Tag Archives: Case law

Updates From Circuit Appeals, October 2013


Florence Ellinwood Allen (1884 - 1966)

More hilarity from the courts…

Thompson v. DHSMV, 20 Fla. L. Weekly Supp. 837 (4th Jud. Cir., Aug. 31, 2012)

In this case, the court granted the Writ of Certiorari starting that “the hearing officer failed to follow the essential requirements of law…” To put this in perspective, the petitioner was trying to get his driving privileges reinstated (partially) after they were permanently revoked. Section 322.271(5), Florida Statutes, sets forth said procedure. The date this “mandate” was rendered was August 31, 2012. The date Mr. Thompson asked for his driving privileges back was October 15, 2010. Has not this court failed to follow the essential requirements of law with so long a delay? Hasn’t the Department’s decision been, in effect, granted by this delay? Anyhoo, I digress…

So section 322.271(5) allows a person to petition the Department for reinstatement of his/her driving privileges and requires that, to be considered for reinstatement, the person must demonstrate that he/she meets certain statutory criteria. This “criteria” is specifically and legibly spelled out in the statute. It cannot be missed or overlooked.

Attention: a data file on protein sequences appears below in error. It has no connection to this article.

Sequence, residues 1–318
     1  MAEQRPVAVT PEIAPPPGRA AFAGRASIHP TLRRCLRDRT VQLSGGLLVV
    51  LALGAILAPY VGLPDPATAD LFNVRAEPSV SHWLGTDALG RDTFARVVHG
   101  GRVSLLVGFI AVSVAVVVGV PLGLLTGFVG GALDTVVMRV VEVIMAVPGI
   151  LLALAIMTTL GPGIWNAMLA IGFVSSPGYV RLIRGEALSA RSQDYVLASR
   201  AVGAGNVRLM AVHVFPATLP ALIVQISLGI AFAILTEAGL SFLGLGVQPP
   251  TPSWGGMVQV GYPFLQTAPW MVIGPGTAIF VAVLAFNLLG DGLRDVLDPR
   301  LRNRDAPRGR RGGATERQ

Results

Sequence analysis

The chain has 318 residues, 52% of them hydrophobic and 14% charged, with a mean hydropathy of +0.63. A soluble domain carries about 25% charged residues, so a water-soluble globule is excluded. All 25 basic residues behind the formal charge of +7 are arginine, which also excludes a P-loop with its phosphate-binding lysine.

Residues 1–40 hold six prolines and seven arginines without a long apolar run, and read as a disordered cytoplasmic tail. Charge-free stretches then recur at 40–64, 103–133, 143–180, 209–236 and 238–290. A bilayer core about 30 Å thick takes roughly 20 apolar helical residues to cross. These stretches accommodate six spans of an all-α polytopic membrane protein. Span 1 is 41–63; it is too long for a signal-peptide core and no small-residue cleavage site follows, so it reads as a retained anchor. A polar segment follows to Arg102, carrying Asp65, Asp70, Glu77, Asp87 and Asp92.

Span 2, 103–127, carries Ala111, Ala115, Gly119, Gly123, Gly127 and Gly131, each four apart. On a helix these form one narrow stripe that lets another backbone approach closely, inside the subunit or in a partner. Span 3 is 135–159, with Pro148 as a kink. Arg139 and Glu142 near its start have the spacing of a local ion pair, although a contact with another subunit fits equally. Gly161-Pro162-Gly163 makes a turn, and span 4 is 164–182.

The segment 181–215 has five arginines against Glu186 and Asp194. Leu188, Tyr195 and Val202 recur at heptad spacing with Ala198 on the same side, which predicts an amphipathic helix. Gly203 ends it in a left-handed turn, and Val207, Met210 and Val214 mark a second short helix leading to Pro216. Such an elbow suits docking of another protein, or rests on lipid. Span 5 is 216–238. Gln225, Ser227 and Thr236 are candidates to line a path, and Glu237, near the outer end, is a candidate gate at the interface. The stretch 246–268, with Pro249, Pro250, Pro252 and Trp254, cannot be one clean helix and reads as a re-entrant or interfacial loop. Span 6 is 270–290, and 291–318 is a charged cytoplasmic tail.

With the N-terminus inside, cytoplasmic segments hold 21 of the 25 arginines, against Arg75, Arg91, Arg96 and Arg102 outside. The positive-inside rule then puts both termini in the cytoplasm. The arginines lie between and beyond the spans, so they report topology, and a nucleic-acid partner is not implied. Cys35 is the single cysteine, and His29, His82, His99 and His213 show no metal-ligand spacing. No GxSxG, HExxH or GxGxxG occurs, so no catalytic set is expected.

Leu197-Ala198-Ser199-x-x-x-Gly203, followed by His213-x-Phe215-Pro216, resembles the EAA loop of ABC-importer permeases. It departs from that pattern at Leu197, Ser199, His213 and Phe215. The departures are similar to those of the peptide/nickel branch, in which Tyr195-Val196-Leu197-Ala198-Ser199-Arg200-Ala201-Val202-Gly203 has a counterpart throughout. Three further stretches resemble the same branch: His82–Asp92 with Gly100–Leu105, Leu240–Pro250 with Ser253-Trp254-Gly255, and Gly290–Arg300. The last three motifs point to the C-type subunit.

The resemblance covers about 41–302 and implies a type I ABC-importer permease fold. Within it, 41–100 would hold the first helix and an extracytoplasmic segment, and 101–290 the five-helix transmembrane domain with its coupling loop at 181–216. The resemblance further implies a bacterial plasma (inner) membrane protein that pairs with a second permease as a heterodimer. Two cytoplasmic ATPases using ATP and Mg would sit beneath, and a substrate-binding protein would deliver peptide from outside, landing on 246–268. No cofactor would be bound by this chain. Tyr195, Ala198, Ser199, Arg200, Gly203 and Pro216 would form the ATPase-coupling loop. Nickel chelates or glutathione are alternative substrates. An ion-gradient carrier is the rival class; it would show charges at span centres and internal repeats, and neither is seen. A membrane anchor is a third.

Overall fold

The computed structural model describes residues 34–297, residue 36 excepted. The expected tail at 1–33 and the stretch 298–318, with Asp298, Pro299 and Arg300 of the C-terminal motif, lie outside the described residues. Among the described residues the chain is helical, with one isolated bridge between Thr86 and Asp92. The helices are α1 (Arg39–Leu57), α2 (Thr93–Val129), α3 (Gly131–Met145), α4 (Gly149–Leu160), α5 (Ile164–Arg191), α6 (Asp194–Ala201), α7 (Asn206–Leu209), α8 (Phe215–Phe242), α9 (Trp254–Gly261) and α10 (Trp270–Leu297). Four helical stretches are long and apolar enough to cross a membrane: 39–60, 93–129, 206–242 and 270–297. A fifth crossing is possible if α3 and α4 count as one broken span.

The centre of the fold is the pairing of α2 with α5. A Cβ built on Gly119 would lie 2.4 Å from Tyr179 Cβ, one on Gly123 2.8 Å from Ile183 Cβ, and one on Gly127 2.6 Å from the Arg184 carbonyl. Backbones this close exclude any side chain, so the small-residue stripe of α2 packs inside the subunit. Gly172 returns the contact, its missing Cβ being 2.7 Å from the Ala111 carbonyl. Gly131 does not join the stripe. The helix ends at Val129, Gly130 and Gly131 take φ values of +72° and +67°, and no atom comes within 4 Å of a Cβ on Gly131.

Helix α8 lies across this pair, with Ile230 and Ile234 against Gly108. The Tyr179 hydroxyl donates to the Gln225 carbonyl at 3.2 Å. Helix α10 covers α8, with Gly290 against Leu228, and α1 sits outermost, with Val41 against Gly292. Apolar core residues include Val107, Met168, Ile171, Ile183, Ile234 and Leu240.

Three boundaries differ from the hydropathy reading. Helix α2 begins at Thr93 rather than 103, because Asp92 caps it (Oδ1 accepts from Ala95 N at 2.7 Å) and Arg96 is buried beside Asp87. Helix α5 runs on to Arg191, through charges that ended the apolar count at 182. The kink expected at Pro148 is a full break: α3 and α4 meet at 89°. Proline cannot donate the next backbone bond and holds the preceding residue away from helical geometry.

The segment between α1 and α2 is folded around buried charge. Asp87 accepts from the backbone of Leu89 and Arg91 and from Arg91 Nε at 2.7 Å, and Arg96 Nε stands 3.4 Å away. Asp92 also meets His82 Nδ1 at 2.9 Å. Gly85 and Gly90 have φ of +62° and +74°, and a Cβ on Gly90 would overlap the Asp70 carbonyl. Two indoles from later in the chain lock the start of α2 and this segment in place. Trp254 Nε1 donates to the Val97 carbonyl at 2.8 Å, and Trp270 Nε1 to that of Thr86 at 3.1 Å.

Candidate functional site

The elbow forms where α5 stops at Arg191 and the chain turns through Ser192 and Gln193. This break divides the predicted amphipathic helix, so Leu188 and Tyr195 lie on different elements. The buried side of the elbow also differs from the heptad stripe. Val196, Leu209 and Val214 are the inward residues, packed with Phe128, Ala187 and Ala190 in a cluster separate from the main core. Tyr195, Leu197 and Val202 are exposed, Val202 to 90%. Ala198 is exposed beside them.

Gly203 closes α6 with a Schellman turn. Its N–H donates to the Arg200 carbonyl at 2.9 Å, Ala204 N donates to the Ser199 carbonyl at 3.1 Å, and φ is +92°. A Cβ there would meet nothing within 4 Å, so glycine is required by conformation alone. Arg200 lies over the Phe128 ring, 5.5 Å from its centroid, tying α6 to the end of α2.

Mr. Thompson meet all the criteria except the one regarding not drinking in the last 5-years. After the hearing concluded, Mr. Thompson wanted to reopen the hearing because he realized that he was wrong on the date of his last drink because he was in prison on that date. The Department confirmed that he was indeed in prison on that date. Despite this the Department decided not to reinstate Mr. Thompson’s driving privileges for many reasons – none of which were the criteria required by statute.

The benevolent court has, almost 2 years later, granted Mr. Thompson’s petition, quashed the Department’s order denying his request, and has thrown him back into the ring with the lions for rehearing. Department 1 – Mr. Thompson 0.